The rugged topography and extremely cold climatic conditions made the work very difficult and the progress was slow. The cold dry alpine desert conditions also severely hamper the survival and growth of the plants—merely 6 to 8 inches per annum with a survival rate of 50-55 per cent. Therefore, it was an uphill task. Apart from grappling with such forces of the nature, Dr Bisht also had to battle with the oppressive tactics of some forest officials. “In 2004, Rattan Singh and myself were falsely implicated in a criminal case by the forest department, Uttarkashi, and later in 2006 eviction notices were issued to us. But finally, the court quashed the case and acquitted us from all the false allegations put forth by the Forest Department. We are still fighting all odds to make this constructive environmental work a success, she said. In this way the task was much challenging than climbing any mountain peak,” she says. But in spite of all odds, her hard work reaped rich dividends.
This is the first successful plantation of Bhojpatra in the Indian Himalayas. “Covering over two decades of sustained efforts, our experiences can hopefully help others who are struggling to protect fragile alpine environments while balancing the benefits that religious and adventure tourism accrue to the local economy of mountain communities. Our progress in re-establishing birch trees can be of particular assistance to those seeking information on eco-rehabilitation in dry high altitude climates.”
Apart from Bhojpatra Dr Bisht also planted Bhangil (Salix babilonica) and Pahari Pipal (Populous ciliate) trees. Simultaneously, she also cultivated medicinal plants like Kutki (Aconitum heterophyllum), Atis (Picrorhiza kurroa), Archa (Rheum emodi) and Salam Panja (Orchis habemioides).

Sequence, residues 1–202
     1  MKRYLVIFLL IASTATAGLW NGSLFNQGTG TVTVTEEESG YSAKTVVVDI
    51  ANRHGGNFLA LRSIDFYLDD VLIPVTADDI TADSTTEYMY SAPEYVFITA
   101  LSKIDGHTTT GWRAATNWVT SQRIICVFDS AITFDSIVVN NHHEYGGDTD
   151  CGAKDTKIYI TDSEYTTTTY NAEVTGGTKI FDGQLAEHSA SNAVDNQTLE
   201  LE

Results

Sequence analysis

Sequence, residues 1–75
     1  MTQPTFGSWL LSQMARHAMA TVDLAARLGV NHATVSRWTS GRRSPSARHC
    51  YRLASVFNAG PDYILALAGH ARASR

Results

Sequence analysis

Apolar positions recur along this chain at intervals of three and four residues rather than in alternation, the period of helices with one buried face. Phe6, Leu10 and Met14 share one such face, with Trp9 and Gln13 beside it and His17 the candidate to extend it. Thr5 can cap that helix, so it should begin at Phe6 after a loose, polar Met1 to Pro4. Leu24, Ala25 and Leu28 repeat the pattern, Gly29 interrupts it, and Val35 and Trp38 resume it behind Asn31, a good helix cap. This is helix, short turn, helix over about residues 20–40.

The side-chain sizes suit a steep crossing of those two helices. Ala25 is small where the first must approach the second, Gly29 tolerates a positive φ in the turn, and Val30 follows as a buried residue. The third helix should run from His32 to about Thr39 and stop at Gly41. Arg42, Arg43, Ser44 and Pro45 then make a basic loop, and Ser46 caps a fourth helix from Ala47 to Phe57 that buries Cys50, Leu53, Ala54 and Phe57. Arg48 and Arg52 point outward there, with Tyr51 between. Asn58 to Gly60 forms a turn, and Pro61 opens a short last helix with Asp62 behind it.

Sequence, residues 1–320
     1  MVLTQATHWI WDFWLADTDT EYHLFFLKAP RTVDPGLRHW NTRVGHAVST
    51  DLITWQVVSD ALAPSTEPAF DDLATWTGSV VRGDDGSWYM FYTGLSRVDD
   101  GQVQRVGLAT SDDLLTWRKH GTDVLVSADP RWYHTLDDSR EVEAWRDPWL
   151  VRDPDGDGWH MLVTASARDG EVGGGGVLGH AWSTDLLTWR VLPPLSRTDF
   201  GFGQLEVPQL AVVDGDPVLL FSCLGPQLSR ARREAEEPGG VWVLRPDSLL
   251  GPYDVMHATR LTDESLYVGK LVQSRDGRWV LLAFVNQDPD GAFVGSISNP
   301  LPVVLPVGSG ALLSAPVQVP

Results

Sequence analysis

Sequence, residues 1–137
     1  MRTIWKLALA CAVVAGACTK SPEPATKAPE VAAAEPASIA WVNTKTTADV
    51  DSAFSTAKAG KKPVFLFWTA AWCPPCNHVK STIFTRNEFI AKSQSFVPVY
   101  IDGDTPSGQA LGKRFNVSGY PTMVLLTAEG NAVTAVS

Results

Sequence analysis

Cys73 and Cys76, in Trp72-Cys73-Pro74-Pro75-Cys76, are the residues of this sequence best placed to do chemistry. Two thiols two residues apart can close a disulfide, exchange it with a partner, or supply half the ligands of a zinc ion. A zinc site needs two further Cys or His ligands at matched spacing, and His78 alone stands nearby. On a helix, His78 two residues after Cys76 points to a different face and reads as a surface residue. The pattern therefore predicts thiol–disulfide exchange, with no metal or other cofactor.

Commenting on the recent devastation, Dr Bisht who is also Principal of Government Degree College, Doiwala, Dehradun says, “The lesson of this disaster is that we should not allow unplanned tourism and pilgrimage in this region. People have constructed hostels even in highly sensitive zones. The commercialism is literally spoiling the devbhoomi. Not only Kedarnath, wherever you go you find the same picture. The Badrinath Temple is heavily crowded. Similar is the scene in Gangotri. Everywhere, the people seem hungry for making money. Just because of that we are not thinking where to do what. Everywhere concrete forests are being constructed and for it we have encroached not only the pilgrimage places, but also the rivers, pasture land and all the places sensitive for ecological balance.”
Many people talk of preserving the nature, but how much is materialised on the ground always remains a question. But Dr Bisht has shown how to curb the future calamities and also to ensure
safe future for coming generations.